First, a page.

Sidney Poitier, Award-Winning Actor, Has Died

By Michileen Martin | 1 week ago

sidney poitier

One of the last surviving stars of the Golden Age of Cinema has left us. Sidney Poitier, the first Black man to win an Academy Award for Best Actor, has died at the age of 94. CNN reports that Clint Watson, Prime Minister of the Bahamas — Poitier enjoyed citizenship with both the Bahamas and the United States — confirmed Poitier died Thursday evening. The actor leaves behind a wife, adult children, grandchildren, and a body of work that reaches far beyond the world of cinema.

Sidney Poitier earned his first Best Actor Oscar nomination in 1959 for The Defiant Ones, in which Poitier played opposite Tony Curtis; both are escaped prisoners forced to work together to survive and stay free. Six years later, Poitier earned the honor for which he’s often credited — as the first Black man to win an Oscar for Best Actor. He won the elite award for his role of handyman Homer Smith in the comedy drama Lilies of the Field. Before his passing, Poitier was the oldest living actor to receive an Academy Award.

But he wasn’t nominated for the role that remains his most memorable, and arguably the role that had the most powerful social impact. In 1967, Sidney Poitier appeared as Detective Virgil Tibbs in the mystery drama In the Heat of the Night. Tibbs helps Mississippi police chief Bill Gillespie solve a murder. In a still iconic scene, a white suspect slaps Tibbs across the face for daring to question him in connection to the murder and Tibbs — shocking the sensibilities of the time — slaps the white man right back. You can watch the scene below.

In the Heat of the Night was based on the 1965 novel of the same name, and in the source material, Tibbs takes the slap without reciprocating. According to People, Sidney Poitier claims he was meant to do the same in the film, and he refused. Poitier reportedly told the film’s producer, “You can’t do it. You certainly can’t do it with me. I go in front of a camera with a responsibility to be at least respectful of certain values. My values are not disconnected from the values of the Black community.”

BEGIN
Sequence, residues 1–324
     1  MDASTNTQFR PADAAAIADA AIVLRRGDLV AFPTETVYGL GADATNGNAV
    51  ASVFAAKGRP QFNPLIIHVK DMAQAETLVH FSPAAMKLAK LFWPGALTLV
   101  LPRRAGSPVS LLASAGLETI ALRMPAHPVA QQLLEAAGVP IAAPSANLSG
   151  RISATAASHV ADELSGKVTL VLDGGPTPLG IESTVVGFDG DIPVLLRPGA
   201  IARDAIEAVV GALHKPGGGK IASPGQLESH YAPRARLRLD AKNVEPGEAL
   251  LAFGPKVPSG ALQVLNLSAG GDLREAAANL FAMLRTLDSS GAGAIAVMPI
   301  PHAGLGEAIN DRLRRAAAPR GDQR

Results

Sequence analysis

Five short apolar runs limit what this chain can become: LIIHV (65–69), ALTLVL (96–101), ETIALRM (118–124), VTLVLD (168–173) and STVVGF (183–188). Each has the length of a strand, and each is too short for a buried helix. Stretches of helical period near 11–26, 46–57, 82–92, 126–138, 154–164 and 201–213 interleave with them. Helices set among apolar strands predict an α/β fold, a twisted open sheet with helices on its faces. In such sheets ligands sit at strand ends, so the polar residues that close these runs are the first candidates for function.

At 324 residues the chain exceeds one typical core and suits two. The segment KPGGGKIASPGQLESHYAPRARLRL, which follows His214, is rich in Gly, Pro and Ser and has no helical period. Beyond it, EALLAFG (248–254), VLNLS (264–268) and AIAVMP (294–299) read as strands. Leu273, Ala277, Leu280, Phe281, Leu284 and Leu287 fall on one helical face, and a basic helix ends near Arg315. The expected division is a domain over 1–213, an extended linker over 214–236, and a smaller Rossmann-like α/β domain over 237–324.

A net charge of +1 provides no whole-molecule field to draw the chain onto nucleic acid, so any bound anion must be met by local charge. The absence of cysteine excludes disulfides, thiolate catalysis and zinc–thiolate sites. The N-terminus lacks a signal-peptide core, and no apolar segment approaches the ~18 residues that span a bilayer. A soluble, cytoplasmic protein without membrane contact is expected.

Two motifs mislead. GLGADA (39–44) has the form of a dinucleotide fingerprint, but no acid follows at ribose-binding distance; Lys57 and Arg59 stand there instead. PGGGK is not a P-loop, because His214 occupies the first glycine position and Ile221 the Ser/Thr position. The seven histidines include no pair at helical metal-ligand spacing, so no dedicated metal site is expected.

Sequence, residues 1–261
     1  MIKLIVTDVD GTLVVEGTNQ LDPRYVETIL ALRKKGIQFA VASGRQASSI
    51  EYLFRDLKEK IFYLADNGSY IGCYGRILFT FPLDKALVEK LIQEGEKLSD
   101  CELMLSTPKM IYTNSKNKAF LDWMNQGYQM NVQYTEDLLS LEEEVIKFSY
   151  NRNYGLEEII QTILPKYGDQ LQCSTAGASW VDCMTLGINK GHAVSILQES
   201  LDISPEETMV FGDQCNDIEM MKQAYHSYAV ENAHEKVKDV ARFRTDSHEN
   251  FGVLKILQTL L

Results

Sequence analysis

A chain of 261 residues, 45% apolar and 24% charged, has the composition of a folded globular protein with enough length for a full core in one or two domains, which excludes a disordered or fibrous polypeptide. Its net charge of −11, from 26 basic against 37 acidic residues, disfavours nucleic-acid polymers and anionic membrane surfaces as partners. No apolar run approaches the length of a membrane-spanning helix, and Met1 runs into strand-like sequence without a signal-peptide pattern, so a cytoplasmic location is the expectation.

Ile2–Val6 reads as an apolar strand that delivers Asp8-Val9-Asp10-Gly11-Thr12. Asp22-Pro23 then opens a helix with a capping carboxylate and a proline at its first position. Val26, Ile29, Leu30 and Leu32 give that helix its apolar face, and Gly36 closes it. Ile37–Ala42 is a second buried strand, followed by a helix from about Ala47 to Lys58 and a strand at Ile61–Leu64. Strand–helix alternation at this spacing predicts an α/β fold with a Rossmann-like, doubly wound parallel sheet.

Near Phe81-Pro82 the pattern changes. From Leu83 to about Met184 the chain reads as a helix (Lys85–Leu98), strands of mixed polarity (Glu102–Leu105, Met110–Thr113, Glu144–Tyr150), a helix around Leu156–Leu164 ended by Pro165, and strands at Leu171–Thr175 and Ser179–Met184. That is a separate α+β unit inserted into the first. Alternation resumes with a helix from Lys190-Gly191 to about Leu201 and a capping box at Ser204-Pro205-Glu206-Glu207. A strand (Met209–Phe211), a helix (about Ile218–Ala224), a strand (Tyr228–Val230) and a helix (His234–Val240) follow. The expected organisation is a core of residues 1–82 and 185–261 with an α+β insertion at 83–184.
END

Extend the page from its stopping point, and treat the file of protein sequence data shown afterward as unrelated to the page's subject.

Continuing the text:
Sidney Poitier was born two months premature in Miami while his parents — both Bahaman farmers — were in Florida selling tomatoes. Poitier’s father Reginald was so sure the future cinematic legend wouldn’t survive, he brought home a shoe box with which to bury him. But Poitier did survive, was raised in the Bahamas on Cat Island, and moved the U.S. when he was 15. In Harlem he joined the American Negro Theater, and while it took a while for his screen career to get rolling, he landed his first speaking role in 1950’s No Way Out.

Before the younger actor’s tragic passing, Sidney Poitier made good friends with the gifted River Phoenix. Two of Poitier’s final big screen films were with Phoenix. They starred together in the 1988 thriller Little Nikita, with Phoenix playing the son of Soviet sleeper agents and Poitier playing an FBI agent. They shared the screen again in the 1992 crime comedy Sneakers in an ensemble cast including Robert Redford, Dan Akroyd, Ben Kingsley, and James Earl Jones.

The actor’s work went far beyond the screen. Sidney Poitier was a Civil Rights activist who joined Dr. Martin Luther King in his historic 1963 march on Washington. He was also a bonafide ambassador for a decade. From 1997 to 2007, Poitier served as the Bahamas’ ambassador to Japan.